NFC North: Otis Grigsby
We'll spend part of Wednesday sifting through the various forms of free agency as the market sets to open late Thursday night (at least in the central time zone).
My NFC West colleague, Mike Sando, offers a nice primer on restricted free agency (RFA), a system for players with three years of accrued experience. By offering one of four tenders, a team can ensure a player's return for 2009 by matching any offer he might receive on the market. There is also an opportunity for compensation if the original team decides against matching.
First, let's look at the four tenders for 2009:
The deadline for offering tenders is Thursday. In the NFC North, Green Bay has the most decisions to make -- not surprising, considering the Packers were the NFL's youngest team in 2008. Here is the full list of NFC North restricted free agents by team, based on information distributed by the NFL Players Association:
- Chicago: None
- Detroit: None
- Green Bay: Safety Atari Bigby, receiver Shaun Bodiford, safety Jarrett Bush, tight end Tory Humphrey, defensive end Jason Hunter, fullback John Kuhn, receiver Ruvell Martin.
- Minnesota: Defensive tackle Fred Evans, defensive end Otis Grigsby, defensive end Jayme Mitchell, fullback Naufahu Tahi.
If a player signs his tender, that relinquishes his rights to negotiate with another team.
To me, the Black and Blue's most interesting RFA is Bigby, who seemed on his way to big things after the 2007 season. Injuries limited him to seven largely ineffective games in 2008, and his value isn't totally clear. The Packers would like to rely on him as a starter in 2009, but the reality is that Bigby has missed 12 of a possible 40 games because of injury during his career.
At the same time, it's possible another team would make him an offer if the Packers apply the low $1.01 million tender. UPDATED/CORRECTION: Bigby was undrafted, so he would require no compensation at the low tender. I agree with Pete Dougherty of the Green Bay Press-Gazette. If their goal is to discourage another team's interest, the Packers probably will have to offer the second-round tender of $1.545 million.
Mike of Sacramento asked, and I've listened (Finally).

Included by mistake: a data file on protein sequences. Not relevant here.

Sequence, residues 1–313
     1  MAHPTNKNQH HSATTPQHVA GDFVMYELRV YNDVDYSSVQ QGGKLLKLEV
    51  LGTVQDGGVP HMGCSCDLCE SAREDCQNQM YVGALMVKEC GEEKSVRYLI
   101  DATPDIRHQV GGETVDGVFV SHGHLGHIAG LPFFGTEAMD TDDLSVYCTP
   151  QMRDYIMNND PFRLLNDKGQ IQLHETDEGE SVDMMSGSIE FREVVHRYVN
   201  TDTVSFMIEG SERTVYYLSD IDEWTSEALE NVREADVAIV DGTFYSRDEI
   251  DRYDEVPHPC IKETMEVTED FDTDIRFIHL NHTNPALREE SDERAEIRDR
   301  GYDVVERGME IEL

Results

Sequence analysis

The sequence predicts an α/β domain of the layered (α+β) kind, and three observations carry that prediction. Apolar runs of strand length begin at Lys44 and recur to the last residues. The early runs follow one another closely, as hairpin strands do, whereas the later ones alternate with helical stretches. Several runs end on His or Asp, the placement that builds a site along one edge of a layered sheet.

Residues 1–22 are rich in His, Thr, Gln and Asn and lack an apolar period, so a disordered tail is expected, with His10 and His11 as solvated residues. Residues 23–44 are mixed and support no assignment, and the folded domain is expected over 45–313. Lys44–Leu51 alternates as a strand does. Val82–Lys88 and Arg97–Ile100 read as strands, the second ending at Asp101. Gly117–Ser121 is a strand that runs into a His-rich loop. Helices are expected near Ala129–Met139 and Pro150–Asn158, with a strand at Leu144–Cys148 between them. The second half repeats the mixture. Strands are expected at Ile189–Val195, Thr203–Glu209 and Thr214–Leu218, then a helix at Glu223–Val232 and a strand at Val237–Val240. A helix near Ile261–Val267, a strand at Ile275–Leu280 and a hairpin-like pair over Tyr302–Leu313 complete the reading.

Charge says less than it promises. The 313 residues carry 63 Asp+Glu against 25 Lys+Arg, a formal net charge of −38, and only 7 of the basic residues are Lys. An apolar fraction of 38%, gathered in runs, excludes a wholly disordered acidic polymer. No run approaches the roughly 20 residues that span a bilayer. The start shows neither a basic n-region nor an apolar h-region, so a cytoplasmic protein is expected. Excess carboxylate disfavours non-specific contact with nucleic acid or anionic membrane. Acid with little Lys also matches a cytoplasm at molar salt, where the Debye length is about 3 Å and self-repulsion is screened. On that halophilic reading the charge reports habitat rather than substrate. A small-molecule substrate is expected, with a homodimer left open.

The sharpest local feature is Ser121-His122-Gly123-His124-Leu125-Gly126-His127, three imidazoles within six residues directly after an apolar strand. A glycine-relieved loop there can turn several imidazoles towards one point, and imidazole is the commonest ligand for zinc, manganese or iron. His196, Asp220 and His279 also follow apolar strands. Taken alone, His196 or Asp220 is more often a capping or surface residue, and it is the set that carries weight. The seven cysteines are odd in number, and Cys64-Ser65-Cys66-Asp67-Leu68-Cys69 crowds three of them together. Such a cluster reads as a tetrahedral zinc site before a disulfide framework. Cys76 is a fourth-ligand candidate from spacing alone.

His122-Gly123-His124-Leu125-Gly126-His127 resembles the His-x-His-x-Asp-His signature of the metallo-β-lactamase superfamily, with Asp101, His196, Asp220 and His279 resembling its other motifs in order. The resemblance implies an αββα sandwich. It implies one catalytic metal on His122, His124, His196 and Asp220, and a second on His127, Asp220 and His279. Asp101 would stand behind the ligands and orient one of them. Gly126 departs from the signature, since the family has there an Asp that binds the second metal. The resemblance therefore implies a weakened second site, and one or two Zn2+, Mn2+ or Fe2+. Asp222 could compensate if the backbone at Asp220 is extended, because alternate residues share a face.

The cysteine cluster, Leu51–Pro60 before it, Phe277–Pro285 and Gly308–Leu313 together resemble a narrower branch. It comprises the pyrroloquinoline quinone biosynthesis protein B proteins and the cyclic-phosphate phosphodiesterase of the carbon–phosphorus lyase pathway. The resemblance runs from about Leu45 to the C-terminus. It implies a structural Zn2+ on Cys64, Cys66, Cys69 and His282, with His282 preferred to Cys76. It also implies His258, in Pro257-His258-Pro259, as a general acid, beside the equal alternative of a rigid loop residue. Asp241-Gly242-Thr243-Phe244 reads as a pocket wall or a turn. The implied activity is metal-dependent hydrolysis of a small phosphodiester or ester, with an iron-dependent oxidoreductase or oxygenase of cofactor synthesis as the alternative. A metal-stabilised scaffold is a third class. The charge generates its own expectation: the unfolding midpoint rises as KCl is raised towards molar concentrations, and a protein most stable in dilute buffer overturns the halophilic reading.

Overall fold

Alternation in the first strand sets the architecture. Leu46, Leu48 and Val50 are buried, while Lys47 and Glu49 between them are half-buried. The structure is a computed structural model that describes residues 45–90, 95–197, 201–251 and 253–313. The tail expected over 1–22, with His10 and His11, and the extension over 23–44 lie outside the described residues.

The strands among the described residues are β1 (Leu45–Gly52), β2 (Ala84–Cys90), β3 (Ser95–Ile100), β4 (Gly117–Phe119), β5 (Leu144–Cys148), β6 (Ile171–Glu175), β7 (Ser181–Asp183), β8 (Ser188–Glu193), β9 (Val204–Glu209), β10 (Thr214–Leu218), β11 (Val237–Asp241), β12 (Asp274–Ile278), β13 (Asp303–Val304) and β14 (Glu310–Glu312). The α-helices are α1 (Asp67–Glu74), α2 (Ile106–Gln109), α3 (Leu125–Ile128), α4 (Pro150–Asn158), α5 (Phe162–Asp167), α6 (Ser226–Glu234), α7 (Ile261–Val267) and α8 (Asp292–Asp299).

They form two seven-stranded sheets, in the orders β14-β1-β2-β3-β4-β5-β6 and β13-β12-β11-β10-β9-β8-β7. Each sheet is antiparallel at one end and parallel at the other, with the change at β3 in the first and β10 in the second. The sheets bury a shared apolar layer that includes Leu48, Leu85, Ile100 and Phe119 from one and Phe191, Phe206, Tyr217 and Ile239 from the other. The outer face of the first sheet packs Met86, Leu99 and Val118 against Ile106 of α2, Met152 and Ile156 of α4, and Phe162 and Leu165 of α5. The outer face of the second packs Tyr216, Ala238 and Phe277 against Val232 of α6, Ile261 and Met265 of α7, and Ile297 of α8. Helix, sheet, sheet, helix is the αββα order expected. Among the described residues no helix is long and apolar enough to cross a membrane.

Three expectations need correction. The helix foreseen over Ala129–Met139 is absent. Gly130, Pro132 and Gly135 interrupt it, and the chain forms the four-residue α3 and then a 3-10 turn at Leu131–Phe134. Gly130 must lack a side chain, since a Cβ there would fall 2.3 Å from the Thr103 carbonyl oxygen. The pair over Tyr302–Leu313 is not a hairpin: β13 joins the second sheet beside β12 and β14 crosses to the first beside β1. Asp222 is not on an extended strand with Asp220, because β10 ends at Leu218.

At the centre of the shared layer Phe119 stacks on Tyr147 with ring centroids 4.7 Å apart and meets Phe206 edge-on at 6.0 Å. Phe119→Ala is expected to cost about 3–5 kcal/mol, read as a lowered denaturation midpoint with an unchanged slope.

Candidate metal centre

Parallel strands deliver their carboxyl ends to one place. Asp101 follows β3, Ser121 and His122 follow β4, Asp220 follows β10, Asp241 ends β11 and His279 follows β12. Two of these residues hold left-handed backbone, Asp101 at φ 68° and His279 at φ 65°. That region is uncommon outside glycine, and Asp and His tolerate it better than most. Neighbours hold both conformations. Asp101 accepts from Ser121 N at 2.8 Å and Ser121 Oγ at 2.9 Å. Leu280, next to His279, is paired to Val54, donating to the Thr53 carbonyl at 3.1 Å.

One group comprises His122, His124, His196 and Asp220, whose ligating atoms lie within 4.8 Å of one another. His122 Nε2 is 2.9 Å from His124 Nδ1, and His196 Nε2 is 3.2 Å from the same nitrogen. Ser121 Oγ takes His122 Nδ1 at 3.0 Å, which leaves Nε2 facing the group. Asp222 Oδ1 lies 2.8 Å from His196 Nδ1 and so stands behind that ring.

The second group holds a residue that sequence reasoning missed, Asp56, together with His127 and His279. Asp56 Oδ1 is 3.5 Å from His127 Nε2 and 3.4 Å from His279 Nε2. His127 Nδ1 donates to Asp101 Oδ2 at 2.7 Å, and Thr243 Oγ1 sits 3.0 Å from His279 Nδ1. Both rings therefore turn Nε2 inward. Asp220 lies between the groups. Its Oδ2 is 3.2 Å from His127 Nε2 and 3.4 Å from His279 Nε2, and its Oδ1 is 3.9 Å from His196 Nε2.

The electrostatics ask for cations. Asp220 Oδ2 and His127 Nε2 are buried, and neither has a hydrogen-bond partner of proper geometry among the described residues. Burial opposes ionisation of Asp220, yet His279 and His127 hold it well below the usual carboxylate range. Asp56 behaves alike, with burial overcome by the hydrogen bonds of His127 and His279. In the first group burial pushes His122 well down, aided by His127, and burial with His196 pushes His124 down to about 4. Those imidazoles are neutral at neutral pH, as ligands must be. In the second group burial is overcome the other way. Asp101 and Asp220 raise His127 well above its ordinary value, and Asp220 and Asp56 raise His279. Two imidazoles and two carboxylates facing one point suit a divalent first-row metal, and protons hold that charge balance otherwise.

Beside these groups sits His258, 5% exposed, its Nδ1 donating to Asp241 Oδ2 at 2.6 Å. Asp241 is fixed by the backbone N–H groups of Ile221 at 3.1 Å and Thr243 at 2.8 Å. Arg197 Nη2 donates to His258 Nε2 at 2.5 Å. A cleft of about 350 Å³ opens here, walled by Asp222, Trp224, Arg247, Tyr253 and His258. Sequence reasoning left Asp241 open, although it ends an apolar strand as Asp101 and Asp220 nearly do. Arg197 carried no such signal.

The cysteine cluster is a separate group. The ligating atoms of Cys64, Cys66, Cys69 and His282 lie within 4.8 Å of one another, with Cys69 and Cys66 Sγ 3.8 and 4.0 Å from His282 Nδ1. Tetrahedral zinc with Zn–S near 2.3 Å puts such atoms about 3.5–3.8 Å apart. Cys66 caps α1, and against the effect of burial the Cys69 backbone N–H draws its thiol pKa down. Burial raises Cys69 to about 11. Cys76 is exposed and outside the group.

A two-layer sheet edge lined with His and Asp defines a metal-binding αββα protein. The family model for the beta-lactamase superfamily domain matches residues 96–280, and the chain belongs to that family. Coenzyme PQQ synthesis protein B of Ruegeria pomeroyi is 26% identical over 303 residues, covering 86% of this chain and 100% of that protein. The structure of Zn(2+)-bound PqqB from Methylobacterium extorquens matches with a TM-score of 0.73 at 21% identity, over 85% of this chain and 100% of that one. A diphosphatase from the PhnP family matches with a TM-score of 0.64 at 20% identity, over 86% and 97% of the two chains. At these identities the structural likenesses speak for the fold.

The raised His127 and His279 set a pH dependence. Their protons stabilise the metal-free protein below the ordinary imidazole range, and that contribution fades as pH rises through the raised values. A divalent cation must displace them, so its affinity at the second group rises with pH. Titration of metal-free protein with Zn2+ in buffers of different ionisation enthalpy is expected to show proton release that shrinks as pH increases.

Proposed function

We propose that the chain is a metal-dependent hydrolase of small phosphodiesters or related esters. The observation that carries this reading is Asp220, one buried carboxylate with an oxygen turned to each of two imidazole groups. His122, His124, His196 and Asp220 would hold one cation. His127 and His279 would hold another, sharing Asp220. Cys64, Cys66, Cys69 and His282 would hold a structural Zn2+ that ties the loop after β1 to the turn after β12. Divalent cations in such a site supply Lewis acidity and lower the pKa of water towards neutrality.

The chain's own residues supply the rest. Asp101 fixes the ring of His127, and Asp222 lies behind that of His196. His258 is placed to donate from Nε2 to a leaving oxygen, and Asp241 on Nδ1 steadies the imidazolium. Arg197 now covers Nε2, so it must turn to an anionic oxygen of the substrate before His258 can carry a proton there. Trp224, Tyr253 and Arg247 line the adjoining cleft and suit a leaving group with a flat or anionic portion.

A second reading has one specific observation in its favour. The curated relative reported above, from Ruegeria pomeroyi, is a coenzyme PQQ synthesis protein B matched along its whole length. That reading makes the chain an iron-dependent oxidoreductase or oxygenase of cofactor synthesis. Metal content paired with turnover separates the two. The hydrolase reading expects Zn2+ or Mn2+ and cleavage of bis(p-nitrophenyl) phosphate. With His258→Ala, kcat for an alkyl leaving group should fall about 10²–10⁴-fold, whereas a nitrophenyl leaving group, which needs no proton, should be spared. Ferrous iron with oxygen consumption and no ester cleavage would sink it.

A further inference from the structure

We're still six weeks away from free agency and the start of what we like to call the "new league year," but already it's time to start looking at the NFL's hot stove season.
So over the next four days, we'll roll out an analysis of each Black and Blue team's situation as it begins making plans for the offseason. Let's be fair and move in order of the 2008 finish, starting with Minnesota.
Minnesota Vikings offseason analysis
- 2008 record: 10-6
- Coaching changes: Special teams coordinator Paul Ferraro took linebackers job in St. Louis. Replacement unannounced.
- Salary-cap space: $20.4 million before end-of-year credits and adjustments.
- Restricted free agents: Defensive tackle Fred Evans, cornerback Charles Gordon, defensive end Otis Grigsby, defensive end Jayme Mitchell, fullback Naufahu Tahi.
- Unrestricted free agents: Center Matt Birk, linebacker Heath Farwell, linebacker Napoleon Harris, offensive lineman Marcus Johnson, defensive tackle Jimmy Kennedy, defensive tackle Ellis Wyms.
- Draft highlight: They own the No. 22 overall pick
- Free-agency comment: The Vikings seemingly have made the decision to let Birk and Sharper seek employment elsewhere, although that could always change in the days leading up to free agency. They have an in-house replacement for Sharper in Tyrell Johnson, but they'll have to further evaluate the situation at center. Among the other free agents, Farwell is a likely target as he recovers from a torn ACL.
- Three biggest needs: (1) A quarterback to compete with Tarvaris Jackson; (2) A right tackle to compete with or replace Ryan Cook; (3) A kick/punt returner to count on weekly, rather than relying on a mix-and-match approach.